If you wanted to get rid of that rule completely that would be fine, just say so before the campaign begins and I would have no qualms with it.


Stubs McKenzie wrote:
Craft the item and deliberately fail (take a 1)... it may not be exactly the cursed item you were hoping for, but make enough of them and you are bound to get a few... how many choices could their be for that particular type of item?

See above, if I was your GM and you tried this, I would rule that you simply wasted your time and money. Besides, this is crafting, not attacking. A "1" is not an auto-fail.


I completely agree, 1 is not an auto fail on skill checks, but I would hazard a guess that i could intentionally fail just about any skill check imaginable... jump that 2 inch gap.... whoops! didnt make it, i fell over. What color is on this card? Light urple?


Stubs McKenzie wrote:
I completely agree, 1 is not an auto fail on skill checks, but I would hazard a guess that i could intentionally fail just about any skill check imaginable... jump that 2 inch gap.... whoops! didnt make it, i fell over. What color is on this card? Light urple?

And I would rule that if you deliberately fail, you didn't actually make an "attempt."


Attempt to craft the item at CL 100. You will assuredly fail.

Star Voter 2013

I wonder what would be the anwer of a 10th level Pcs if kobolds start to using those dust of sneezing + oil + fire.

If that were a normal magic item we all should agree that it is overpowered, too much overpowered, why to argue if the DM banned it?

EDIT: correted a couple of typos


Nicos wrote:

I wonder what would the anwer of a 10th level Pcs if kobolds start to using those dust of sneezing + oil + fire.

If that were a magic iteem we all should agree that it is overpowered, too much overpowered, why to argue if the DM banned it?

The evil GM in me just started thinking of the possibilities... ... ...

XD


Another case of "Why does this GM want to slaughter his pc's?" I don't think this carried over from 3.5 to pathfinder, but in 3.5, any encounter which was an EL 6 higher than the highest class level in the party was considered to be "impossible", and if the party beat that encounter, they would get no XP, because it would be considered extreme fluke of luck for them to win, and not due to actual skill in playing their characters. This is a monster with a CR 7 higher than the highest level character. Why?


Dust of Sneezing and Choking is a horrifically broken item, if anyone at all were concerned with balance, there wouldn't even be an argument about if you can purposefully make cursed items. The dust would be perma-banned from the game, and that'd nip the whole idea in the bud. Seriously, there's a lot of broken crap in the game, but that one takes the freaking gold medal.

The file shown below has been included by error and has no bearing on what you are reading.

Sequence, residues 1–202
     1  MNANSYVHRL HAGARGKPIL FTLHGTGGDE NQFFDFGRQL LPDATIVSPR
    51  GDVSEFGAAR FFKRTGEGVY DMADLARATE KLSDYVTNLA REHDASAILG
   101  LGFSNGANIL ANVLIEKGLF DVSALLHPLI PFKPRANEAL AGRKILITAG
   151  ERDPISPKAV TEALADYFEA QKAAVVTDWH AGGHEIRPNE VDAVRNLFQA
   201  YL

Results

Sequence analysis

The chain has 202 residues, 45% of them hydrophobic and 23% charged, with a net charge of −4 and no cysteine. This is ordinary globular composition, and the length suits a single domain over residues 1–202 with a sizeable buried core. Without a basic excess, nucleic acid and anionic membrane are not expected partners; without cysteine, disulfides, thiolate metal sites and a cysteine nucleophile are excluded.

As for Feral Druid, I assume the OP meant the Feral template from Savage Species. Which is also stupidly brokenly overpowered, though doesn't hold a candle to the dust, I suppose...


Do the players know that they are going to be fighting a dragon? Because I can think of a lot to do involving defeating a dragon with 10,000gp and 4th level divine and arcane spells at my disposal if I have time to plan.


Pathfinder Adventure Path, Campaign Setting, Companion, Maps, Roleplaying Game Subscriber
Adamantine Dragon wrote:
Oh, and before you reply "well, I will deliberately fail my craft item checks" I will say that if you did that with me as the GM, for the specific purpose of pursuing an exploit and getting a 10% chance of an insta-win cursed item, I'd just say "No problem, your sloppy and deliberately incompetent work results in a waste of your time and materials. Care to try again?"

I wasn't going to say that at all.

It seems simple enough to me. You simply treat it identically to creating dust of disappearance or dust of tracelessness (since that's what it's based on) using their costs, CL, spellcraft DC, spell prerequisites, etc.

If you beat the check, you get your cursed item (since that's what you were going for), not the base item. If you fail the check than you either end up with the base item or a DIFFERENT cursed item than intended.

It's still plenty dangerous, as that necklace of strangulation you sent as a gift to the local lord may only serve to protect him from poisons instead, or worse, turn on you somehow because its curse differed from expectations.

Evil NPCs deliberately create cursed items ALL THE TIME. I see no reason PCs shouldn't be allowed to do it from time to time (provided they aren't out to break the game and ruin fun for all).


Ravingdork wrote:
Adamantine Dragon wrote:
Oh, and before you reply "well, I will deliberately fail my craft item checks" I will say that if you did that with me as the GM, for the specific purpose of pursuing an exploit and getting a 10% chance of an insta-win cursed item, I'd just say "No problem, your sloppy and deliberately incompetent work results in a waste of your time and materials. Care to try again?"

I wasn't going to say that at all.

It seems simple enough to me. You simply treat it identically to creating dust of disappearance or dust of tracelessness (since that's what it's based on) using their costs, CL, spellcraft DC, spell prerequisites, etc.

If you beat the check, you get your cursed item (since that's what you were going for), not the base item. If you fail the check than you either end up with the base item or a DIFFERENT cursed item than intended.

It's still plenty dangerous, as that necklace of strangulation you sent as a gift to the local lord may only serve to protect him from poisons instead, or worse, turn on you somehow because its curse differed from expectations.